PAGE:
A direct impact of patient centered care and “retail” inspiration may require additional interpersonal skill training. These are the soft skills of personal interactions, and ultimately drive health system brand loyalty. Quick care health locations in retail centers are popping up, including shopping malls and Walgreens, and existing hospitals are taking inspiration from the retail environment to improve the customer experience – for example, Frontline staff walking the floor and using iPads for check-in instead of the traditional desk.

A retail mindset will create shifting expectations of how Frontline staff interact with patients; to do this, hospitals will use retail best practices to train employees. While broadening the skill set of eligible employees can be a good thing for hospitals, it’s also likely to increase turnover – an unfortunate result of this soft skill “retail” training is more employees could move back and forth between the health and retail industries as skills become more transferable.

4 – Virtual Training for Employees – More Important than Ever Amid COVID-19

Virtual employee training affects nearly every job category, even entry-level staff. As we move forward through (and past) the COVID-19 pandemic, virtual training for employee safety will be more important than ever. As healthcare moves to smaller locations with quick care being a core theme, virtual training and self-taught modules will continue to be a key upskilling format. Aside from merely showing employees best practices and social skills, digital/virtual training programs will be challenged to come up with authentic ways to evaluate these skills – perhaps through virtual group meetings, virtual role play, or  interactions in virtual reality.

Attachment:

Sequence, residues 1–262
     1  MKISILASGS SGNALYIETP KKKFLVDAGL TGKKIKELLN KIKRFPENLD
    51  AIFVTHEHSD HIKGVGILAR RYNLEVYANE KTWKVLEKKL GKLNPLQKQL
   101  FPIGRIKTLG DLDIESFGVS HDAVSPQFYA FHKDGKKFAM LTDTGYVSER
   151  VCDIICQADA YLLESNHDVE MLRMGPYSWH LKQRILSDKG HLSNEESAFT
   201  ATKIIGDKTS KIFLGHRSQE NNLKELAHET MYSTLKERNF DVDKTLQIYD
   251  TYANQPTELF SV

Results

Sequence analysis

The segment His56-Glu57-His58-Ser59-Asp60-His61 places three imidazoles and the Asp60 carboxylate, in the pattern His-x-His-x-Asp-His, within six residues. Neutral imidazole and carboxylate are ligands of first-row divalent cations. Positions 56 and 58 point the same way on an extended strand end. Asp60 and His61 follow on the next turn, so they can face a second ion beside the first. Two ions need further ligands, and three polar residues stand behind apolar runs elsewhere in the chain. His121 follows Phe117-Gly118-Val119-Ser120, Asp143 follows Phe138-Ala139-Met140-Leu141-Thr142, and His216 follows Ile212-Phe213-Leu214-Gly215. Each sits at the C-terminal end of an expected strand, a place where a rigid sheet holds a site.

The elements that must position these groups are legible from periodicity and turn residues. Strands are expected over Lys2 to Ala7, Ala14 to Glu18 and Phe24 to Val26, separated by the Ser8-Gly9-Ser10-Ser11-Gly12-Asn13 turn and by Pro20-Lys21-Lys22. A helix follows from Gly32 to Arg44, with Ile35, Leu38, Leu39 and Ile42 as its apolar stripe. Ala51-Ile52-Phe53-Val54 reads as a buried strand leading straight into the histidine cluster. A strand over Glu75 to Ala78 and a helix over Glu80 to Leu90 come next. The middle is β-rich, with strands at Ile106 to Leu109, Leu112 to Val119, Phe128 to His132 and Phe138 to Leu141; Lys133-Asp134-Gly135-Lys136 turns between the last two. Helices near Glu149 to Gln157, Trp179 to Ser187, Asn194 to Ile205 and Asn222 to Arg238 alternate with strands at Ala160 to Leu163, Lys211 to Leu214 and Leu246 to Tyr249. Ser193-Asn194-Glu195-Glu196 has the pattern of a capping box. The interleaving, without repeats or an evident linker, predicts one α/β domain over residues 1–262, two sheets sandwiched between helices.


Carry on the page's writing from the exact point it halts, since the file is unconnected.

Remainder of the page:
5 – Automation Could Threaten Some Entry-Level Jobs in Healthcare

While frontline roles often require direct patient interaction, some are still subject to being replaced by automation, including cooks and information clerks. Twenty percent of companies have already deployed chatbots in the workplace and 57% are anticipated to do so by 2021. This technology could disrupt traditional hospital customer service jobs. Companies are using chatbots as personal assistants, for on-demand customer support, to mine data, streamline business processes, recover product information and to answer employee questions.

Interrupting entry-level employment situations at hospitals could interfere with traditional career pipelines to manager roles, so have development and succession plans ready, even at this level, in preparation for a more automated work environment.

6 – Upskilling and Alternative Job Perks – (They Could be One and the Same)